CENTIGRADE, directed by Brendan Walsh and co-written by Walsh and Daley Nixon, is a survival story about American couple Matt (Vincent Piazza) and Naomi (Genesis Rodriguez) who are visiting Norway to promote writer Naomi’s latest book. On the way to their hotel, they pull over to wait out a blizzard and accidentally fall asleep. When they wake up the next morning, they find themselves trapped as they realize their rental SUV has become entrenched in ice and buried in snow. They have a low cell phone battery, few emergency supplies, little food, and on top of everything, Naomi is eight months pregnant. As the days pass, the temperature plummets, and the possibilities of freezing or starving to death become imminent concerns. In order to survive, Matt and Naomi must work together to overcome the sudden crevasse in their relationship as panic, blame, and secrets threaten to drive them apart.
CENTIGRADE is a cramped, encapsulated film, taking place almost entirely inside a two-row SUV. The film makes excellent use of its confined space as clever framing techniques are used throughout the film. We see the characters move about the car in organic parallels to their emotional states, through panic, mistrust, helplessness, loss of grip on reality, and hopeful determination. The only sources of light in the car are the dim, cold sunlight peeking through the ice and the small flicker of hope provided by their emergency candles. A few well-placed exterior shots not only show us the grim reality of Matt and Naomi’s desolation, but also allow the audience a small reprieve and a quick breath of fresh air. There is a tragic sensation in seeing the gorgeous and snowy Norwegian landscape in the context of Matt and Naomi’s misfortune. What would normally be grandiose view heralding acres of freedom and solitude instead evokes a deep dread when we realize we are in fact witnessing a barren death trap that offers little hope of rescue.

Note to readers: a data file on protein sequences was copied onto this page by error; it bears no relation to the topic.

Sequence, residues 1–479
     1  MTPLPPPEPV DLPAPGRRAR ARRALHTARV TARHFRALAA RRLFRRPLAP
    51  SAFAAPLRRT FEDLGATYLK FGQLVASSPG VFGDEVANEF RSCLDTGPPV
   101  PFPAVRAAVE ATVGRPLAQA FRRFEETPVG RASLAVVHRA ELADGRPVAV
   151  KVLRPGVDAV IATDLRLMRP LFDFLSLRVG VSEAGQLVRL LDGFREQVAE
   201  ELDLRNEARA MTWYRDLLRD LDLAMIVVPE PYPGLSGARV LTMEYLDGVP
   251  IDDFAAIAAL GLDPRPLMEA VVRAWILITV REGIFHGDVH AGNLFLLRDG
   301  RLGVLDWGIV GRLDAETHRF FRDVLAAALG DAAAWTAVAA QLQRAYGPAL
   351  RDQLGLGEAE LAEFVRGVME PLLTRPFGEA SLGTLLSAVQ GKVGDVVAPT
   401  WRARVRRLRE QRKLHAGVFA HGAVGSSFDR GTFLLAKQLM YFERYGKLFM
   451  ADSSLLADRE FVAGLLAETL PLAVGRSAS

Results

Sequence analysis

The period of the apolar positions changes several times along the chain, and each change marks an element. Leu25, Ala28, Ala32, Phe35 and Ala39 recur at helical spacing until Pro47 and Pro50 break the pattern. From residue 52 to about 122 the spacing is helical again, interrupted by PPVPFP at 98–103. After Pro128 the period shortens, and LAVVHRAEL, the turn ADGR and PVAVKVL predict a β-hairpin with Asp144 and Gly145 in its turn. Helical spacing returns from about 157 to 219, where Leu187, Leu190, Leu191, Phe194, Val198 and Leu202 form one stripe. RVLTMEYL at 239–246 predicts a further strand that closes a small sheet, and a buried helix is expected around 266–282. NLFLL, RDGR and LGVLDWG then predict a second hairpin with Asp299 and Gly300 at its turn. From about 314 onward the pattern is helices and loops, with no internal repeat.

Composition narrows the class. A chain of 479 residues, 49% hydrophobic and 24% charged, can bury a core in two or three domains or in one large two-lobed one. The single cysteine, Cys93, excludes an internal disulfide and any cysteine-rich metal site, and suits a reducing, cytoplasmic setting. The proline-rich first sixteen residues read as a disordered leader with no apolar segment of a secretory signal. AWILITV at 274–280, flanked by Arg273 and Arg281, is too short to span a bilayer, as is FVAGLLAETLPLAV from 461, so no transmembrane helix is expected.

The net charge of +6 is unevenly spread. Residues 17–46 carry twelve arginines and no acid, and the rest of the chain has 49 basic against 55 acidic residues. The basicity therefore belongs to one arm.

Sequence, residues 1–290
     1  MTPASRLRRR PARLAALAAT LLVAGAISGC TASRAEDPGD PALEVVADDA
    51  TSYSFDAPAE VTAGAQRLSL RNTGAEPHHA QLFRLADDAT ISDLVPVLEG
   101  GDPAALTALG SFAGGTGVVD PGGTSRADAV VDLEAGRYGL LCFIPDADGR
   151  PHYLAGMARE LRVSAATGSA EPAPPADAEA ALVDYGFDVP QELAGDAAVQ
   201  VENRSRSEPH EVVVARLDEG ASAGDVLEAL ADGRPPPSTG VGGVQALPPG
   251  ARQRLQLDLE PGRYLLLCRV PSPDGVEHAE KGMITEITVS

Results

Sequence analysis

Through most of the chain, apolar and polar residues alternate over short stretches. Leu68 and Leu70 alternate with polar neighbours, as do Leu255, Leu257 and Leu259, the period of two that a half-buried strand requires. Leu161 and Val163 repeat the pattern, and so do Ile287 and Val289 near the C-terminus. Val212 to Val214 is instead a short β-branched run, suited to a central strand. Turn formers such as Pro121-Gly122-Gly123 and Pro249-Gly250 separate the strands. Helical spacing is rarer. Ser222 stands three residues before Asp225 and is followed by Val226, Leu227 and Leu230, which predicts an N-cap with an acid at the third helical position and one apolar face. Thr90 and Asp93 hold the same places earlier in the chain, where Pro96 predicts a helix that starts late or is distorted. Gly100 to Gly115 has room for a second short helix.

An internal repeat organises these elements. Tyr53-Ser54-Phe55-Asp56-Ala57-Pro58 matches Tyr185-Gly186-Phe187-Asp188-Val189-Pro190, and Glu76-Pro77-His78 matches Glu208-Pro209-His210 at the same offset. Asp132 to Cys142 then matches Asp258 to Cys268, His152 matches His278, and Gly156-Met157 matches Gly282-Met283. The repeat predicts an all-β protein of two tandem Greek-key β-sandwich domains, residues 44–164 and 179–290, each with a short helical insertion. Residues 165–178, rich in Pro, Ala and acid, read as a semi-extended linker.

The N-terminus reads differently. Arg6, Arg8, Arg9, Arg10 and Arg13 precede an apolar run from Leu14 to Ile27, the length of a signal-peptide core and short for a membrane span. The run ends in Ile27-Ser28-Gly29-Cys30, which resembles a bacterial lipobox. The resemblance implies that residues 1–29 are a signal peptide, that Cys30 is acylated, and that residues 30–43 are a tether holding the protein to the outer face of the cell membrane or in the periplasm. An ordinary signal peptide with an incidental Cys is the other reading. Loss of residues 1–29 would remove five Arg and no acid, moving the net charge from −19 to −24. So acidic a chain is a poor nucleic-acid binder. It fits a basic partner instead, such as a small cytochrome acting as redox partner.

The story feels natural; however, Naomi’s pregnancy comes across as more of a plot device, especially considering it is ill-advised to travel (let alone internationally) during the third trimester. It raises the stakes and creates even more discomfort for Naomi, but a little disbelief might need to be suspended. Because CENTIGRADE only features two characters, a lot is asked of actors Genesis Rodriguez and Vincent Piazza. They are both able to easily carry the weight of the film as they shift through a range of relatable and realistic emotions. I could easily see myself in Naomi, whose first instinct is to jump to panic, while I could see my own husband reacting in a similar way to Matt, by trying his best to stay calm and logical.
CENTIGRADE is a slow, deliberate ice burn that arrives at the perfect time. It is difficult to watch this film and not feel that crushing isolation as we sit in our own metaphorical trapped car in the form of quarantine, wondering whether we should stay put and wait for some kind of miracle to come along or try to venture out on our own and face possible dire consequences.
CENTIGRADE opens August 28th on VOD, Digital Platforms and Drive-In Theaters.
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